We enjoyed it very much.

Thank you for reading me.

Garden Gifts and Kitchen Pepper

Since this is a story about gardens, I thought it best to set a featured image taken by my most talented cousin, MLG. She said I could use the picture. I write about basil a lot, so it’s only fitting that this praying mantis sits atop a lush stalk of basil while staring down a humming bird on the feeder. I think she should win a photography contest for this shot!

While I have my own garden, the wonderful thing about having friends and colleagues who have green thumbs is that we don’t grow the same vegetables. Thus, one gets a great variety of veggies and fruits when other gardeners share their bounties.

My colleague, BH, possesses a green thumb that allows peaches that we continue to enjoy thanks to last year’s crop. We are down to the last two frozen bags, and he tells me that a late frost nipped the trees buds last Spring. Not to fear, though, because the Japanese eggplant, chilies, and tomatoes are “going crazy!”

For the eggplant Parmesan, I cooked the tomatoes in a bit of olive oil until I could remove the peelings and mash the pulp to cook down into a paste. I cooked the tomatoes with onions, garlic, and two fat hands full of fresh basil leaves. My own garden is crazy with two pots of basil, and three plants in the ground. I planted extra basil to make sure, at least, one survived. Who knew all of the plants would survive, indeed, thrive! Back to the marinara sauce for the eggplant Parmesan. Once the sauce thickened, I put two big dollops of pesto! I have 40 half pints of different varieties of pesto in the freezer, and I keep one jar in the refrigerator to use randomly in food preparations. Sadly, I did not take a picture of the marinara sauce. I prepared half of the 16 ounce (450g) bag of penne pasta. I tossed the cook pasta in half of the marinara I had prepared with 10 tomatoes, half an onion, three cloves of garlic, and kitchen pepper (more on that later). Oh, I tossed the sliced Japanese eggplant in egg then in corn flour (ground yellow corn), and fried them in butter!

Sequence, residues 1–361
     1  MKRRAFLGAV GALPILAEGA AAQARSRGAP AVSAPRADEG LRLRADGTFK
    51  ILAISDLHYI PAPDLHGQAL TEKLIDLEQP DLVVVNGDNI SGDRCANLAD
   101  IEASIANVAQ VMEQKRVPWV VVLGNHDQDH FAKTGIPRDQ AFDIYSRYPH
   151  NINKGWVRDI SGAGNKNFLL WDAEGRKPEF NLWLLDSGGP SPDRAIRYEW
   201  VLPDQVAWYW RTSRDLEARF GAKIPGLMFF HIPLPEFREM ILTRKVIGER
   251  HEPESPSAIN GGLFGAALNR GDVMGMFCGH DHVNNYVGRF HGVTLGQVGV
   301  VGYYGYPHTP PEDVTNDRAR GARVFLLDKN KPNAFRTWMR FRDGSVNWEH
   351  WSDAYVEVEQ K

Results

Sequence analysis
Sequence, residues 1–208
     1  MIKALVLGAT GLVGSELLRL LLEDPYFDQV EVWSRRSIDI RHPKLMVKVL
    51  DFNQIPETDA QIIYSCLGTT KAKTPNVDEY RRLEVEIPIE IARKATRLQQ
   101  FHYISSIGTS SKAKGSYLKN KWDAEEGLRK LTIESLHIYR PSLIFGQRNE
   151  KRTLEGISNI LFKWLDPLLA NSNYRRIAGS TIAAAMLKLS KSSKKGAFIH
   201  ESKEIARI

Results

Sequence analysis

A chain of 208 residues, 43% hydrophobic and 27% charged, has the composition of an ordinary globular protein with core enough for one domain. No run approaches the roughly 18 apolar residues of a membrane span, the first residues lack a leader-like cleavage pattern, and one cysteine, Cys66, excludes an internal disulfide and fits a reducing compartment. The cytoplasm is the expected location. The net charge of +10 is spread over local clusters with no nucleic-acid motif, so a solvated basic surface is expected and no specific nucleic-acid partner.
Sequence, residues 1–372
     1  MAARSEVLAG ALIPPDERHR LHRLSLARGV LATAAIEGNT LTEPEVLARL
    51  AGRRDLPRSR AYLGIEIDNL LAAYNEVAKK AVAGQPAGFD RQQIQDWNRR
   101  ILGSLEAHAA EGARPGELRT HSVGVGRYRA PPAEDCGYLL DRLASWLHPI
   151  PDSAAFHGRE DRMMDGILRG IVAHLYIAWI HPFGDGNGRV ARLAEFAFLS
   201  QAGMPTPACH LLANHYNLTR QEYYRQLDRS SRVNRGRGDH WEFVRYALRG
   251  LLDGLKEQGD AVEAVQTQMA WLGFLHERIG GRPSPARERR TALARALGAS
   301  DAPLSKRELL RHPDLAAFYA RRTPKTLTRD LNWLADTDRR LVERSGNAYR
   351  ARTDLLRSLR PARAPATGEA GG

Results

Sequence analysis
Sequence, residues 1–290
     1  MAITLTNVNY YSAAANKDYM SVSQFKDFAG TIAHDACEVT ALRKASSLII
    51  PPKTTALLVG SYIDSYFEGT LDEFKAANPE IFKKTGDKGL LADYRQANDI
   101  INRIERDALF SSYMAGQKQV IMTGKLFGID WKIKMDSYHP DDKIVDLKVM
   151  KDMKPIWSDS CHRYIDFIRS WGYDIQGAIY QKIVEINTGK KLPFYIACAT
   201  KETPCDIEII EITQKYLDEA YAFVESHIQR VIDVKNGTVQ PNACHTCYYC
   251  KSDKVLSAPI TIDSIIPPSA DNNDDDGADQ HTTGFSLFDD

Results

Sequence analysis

For our next eggplant meal, I fried sliced eggplant with fresh corn I had taken off the cob. It reminded me of the same side dish I make with fresh corn fried with yellow squash. This may have seemed like an odd meal, but I made fried green tomatoes. I have three tomatoes plant that have big green tomatoes. I’m not sure if they’re not getting enough sun, because they don’t ripen. That means I am pickling a lot of green tomatoes, too. Here are the fried green tomatoes. They were delicious.

Kitchen Pepper

I read about “Kitchen Pepper” when I was doing research on recipes and the cooking or baking of other enthusiasts. I found this on another WordPress website called, “Savoring the Past, ” which noted this from “A Lady’s Assistant” by Charlotte Mason, 1777. It was suggested that Kitchen Pepper developed any recipe into a savory dish. I have now added Kitchen Pepper to potato salad, grilled salmon, marinara sauce, and in a chocolate cake. The ingredients, individually, will surprise you, and you may not think they should be in such recipes. I can tell you that any where you would put seasoned salt, kitchen pepper can add greater depth in a flavor profile. Here’s the recipe:

Kitchen Pepper

One ounce (28.3g) powdered ginger

one half ounce (16.1g) of each:

black pepper, cinnamon, cloves, and nutmeg (all should be ground well)

Add 6 ounces (170g) salt (I used pink Himalayan salt)

Mix all of the ingredients well, and store in a tightly-sealed jar, preferably with a shaker fitting.